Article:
Adobe Systems Incorporated

Adobe Creative Cloud: A Creative Advantage

Adobe Creative Cloud for teams standardizes a studio’s design workflow.

AppzStudio

AppStudioz is an innovative web and mobile application development company that specializes in developing applications for various platforms and devices including iPhone, iPad, Android, BlackBerry, Windows, and Facebook. In just three years, the company has developed apps for diverse industry segments including healthcare, consumer and retail, gaming, augmented reality, and wearable computing.

Although the dynamics of such a nascent industry keep evolving, core app design remains at the heart of what AppStudioz does to deliver its services across the world. The company needed a platform that would enhance the creative ability of its design team and one that was easily scalable and agile. A cloud-based solution emerged as a default answer.

“When we started our cloud discussions, we did a lot of research and held extensive sessions with designers,” says Preeti Singh, vice president of technology at AppStudioz. “After careful deliberations, top management, designers, and the IT team collectively and unanimously decided to adopt Adobe Creative Cloud for teams.”

For AppStudioz, adopting Adobe solutions was a natural choice primarily because the platform is an industry standard and the firm was already using Adobe tools extensively—specifically Adobe Photoshop and Illustrator. Additionally, a majority of its clients based in the United States and the United Kingdom had already adopted Adobe Creative Cloud; using Adobe Creative Cloud for teams helps standardize the process for the company and its clients.

Broadening designer expertise
The migration to Adobe Creative Cloud for teams took two weeks and was completed without any work disruption. The Adobe team helped AppStudioz train designers and programmers on Creative Cloud tools. “The ease of use of all the components of Adobe Creative Cloud for teams allowed us to quickly train our team on these tools to deliver great results for clients,” says Singh.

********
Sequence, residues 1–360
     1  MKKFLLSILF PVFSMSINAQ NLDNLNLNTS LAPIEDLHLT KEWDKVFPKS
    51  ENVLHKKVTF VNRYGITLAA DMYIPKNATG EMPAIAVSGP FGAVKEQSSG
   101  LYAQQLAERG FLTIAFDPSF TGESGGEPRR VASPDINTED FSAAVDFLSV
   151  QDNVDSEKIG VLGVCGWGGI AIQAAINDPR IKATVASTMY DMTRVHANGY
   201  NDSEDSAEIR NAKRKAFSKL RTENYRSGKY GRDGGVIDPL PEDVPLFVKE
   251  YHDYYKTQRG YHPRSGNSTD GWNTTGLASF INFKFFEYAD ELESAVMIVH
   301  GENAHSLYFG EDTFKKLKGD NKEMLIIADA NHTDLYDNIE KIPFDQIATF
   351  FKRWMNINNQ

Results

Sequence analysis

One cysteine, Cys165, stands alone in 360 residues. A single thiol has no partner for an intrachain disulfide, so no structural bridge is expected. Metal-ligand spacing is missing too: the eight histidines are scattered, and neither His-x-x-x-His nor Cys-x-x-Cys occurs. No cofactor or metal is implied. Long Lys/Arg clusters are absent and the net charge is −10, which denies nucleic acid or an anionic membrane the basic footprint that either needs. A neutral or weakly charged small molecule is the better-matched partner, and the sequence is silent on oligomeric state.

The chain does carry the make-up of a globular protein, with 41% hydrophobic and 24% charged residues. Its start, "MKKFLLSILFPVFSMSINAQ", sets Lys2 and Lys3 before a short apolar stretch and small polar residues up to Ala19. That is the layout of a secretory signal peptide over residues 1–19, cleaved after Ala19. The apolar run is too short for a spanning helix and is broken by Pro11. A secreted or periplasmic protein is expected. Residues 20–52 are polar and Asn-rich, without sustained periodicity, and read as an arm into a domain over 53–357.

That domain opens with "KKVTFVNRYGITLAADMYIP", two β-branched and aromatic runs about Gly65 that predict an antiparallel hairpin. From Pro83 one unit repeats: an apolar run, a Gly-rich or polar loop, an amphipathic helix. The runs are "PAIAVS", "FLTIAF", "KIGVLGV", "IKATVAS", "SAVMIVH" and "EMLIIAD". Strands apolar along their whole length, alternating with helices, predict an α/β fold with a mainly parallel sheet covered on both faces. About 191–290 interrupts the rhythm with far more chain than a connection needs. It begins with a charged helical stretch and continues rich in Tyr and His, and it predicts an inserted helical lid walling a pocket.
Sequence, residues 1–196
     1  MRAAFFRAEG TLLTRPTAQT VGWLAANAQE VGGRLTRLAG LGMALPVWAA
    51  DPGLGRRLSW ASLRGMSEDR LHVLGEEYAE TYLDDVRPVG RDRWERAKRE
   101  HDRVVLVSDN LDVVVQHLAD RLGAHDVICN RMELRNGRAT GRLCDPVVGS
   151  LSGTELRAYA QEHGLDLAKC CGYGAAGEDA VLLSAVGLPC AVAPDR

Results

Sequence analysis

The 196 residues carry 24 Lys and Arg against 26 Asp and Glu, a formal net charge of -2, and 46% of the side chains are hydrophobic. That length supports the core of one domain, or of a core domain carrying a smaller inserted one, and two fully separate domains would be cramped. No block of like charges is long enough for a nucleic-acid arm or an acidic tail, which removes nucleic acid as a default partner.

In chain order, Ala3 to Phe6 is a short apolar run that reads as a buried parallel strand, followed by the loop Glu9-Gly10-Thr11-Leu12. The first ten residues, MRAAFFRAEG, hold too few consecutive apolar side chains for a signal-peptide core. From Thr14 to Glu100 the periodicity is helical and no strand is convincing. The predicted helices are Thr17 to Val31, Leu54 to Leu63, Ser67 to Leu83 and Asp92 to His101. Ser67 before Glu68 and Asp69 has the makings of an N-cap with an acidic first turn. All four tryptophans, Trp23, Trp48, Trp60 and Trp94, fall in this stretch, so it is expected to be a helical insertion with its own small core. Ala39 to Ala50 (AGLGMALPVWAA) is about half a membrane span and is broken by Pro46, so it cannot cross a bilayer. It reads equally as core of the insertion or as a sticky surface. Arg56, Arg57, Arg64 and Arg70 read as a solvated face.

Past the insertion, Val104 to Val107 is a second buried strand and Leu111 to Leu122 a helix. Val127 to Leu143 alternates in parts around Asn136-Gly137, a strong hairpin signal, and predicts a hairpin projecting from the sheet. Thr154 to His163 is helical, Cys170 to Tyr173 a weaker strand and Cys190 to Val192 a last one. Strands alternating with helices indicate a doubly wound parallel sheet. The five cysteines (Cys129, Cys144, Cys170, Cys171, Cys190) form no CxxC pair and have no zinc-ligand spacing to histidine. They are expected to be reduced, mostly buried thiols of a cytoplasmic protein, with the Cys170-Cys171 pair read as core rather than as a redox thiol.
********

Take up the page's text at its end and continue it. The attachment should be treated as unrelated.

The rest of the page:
AppStudioz works extensively in the area of scalable graphics and Adobe Creative Cloud tools, specifically Adobe Photoshop CC, come in very handy. Photoshop CC makes it easy for AppStudioz’s designers to customize vectors at any point in the design stage. For instance, previously, if there was a figure with four sharp edges and designers wanted to make those edges rounded, they had to remake the entire figure. With Photoshop CC, designers can bring in alterations at any stage. “Such innovative features have given our designers the power to create newer designs with ease and efficiency,” says Singh.

The design team at AppStudioz is a mix of graphic designers, illustrators, and user interface designers, all using different Creative Cloud tools. “Adobe Creative Cloud tools integrate flawlessly with each other, which lets our designers concentrate on the creative challenges before them and not get bogged down in the technology,” says Singh.

With Creative Cloud, AppStudioz designers can start creating images in Photoshop CC or Illustrator CC and later open them in Adobe Dreamweaver CC or Flash Professional CC. Further, the team can switch back-and-forth between the tools and experiment with designs to get different results. “The integration among the tools in Creative Cloud has gone a long way in making our workflows smoother,” says Singh.

Adobe Creative Cloud for teams enables the AppStudioz design teams to work and collaborate from anywhere in the world. Additionally, it has helped the firm’s designers to explore new approaches for designing and developing content delivered across various channels and devices. Migrating to Adobe Creative Cloud gives the creative team the flexibility to work effectively at any location and experiment with the latest tools to deliver content across platforms and devices with ease.

Raising productivity while lowering total cost of ownership
The streamlined administration in Adobe Creative Cloud for teams has greatly helped AppStudioz to eliminate time-consuming manual processes such as installing packaged software and maintaining version consistency. It has also helped raise productivity across the company by simplifying software administration with license management, automated tracking, and version upgrades.

For AppStudioz, Creative Cloud for teams membership has significantly reduced the total cost of ownership for Adobe solutions by creating a standardized model for purchasing and deploying the most current versions of Adobe Creative Cloud tools. “The predictable, easily managed membership model in Creative Cloud for teams eliminates having to deal with lump-sum software purchases,” says Singh. In addition, Adobe Creative Cloud helps support AppStudioz’s rapid growth and streamlines management of creative tools for designers.